“I just encourage us to claim that high calling, because we honor young people by taking their souls seriously, making them not into our image – we don’t need little Michael Currys – but little Jesus Christs would do.”
One panelist, the Rev. Jeremy Duff of the Church in Wales, suggested another basic question to reconsider in order to understand ministry with young people: What is a “young person,” anyway?
“I think a big problem is, how on Earth do we think someone is a young person when they’re 30?” he asked.
Duff, 50, said he became a Christian at 13 and had his first “formational experience” when he joined the British Army at 18.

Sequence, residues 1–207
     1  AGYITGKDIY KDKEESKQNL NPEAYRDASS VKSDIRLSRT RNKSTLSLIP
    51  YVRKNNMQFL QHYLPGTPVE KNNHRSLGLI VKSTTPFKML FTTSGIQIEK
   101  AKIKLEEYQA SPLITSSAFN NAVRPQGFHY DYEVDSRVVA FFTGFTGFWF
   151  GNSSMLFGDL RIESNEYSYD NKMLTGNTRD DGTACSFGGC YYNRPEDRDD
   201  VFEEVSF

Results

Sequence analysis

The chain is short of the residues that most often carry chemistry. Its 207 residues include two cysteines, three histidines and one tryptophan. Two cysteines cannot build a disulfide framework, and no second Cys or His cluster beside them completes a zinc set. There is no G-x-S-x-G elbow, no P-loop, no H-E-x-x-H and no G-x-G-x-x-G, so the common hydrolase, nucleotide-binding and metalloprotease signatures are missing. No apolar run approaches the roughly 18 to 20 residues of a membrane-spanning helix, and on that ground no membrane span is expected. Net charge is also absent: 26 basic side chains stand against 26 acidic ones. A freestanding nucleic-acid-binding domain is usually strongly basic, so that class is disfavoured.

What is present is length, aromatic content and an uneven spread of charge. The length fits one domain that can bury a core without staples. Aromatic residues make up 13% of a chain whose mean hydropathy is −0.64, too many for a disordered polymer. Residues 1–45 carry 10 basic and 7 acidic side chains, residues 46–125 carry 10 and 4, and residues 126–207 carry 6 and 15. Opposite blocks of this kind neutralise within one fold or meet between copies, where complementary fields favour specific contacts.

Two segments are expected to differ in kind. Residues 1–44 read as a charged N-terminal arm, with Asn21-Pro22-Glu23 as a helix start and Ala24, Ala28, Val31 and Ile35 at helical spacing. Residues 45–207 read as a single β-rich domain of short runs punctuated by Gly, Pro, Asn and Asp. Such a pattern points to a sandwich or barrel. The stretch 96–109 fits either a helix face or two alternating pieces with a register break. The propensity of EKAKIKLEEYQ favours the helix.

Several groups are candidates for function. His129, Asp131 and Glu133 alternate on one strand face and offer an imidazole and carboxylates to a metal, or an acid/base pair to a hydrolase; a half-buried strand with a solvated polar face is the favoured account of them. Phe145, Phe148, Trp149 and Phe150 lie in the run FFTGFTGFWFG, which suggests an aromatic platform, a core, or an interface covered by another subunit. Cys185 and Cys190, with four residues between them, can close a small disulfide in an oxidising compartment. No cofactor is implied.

“In the army, at 19 or 20, I was leading soldiers. And by the time you’re 37, you leave because you’re too old. So I went from that experience … into the church, where people are saying you’re a young person until the age of 35.”
The Rev. Ruel Strachan, a priest in the Bahamas in the Church in the Province of the West Indies, offered an example of what it looks like when a church starts investing in the formation of its young members much earlier.
“I’ve never known a time in my life when I was not engaged in the work of the church,” he said. “By the time I was born, my parish had only been established in the Bahamas for about 25 years … My home church was a priest and about five people in a living room … There was still a lot of work to do. Thank God, young people were allowed to be a part of that work.”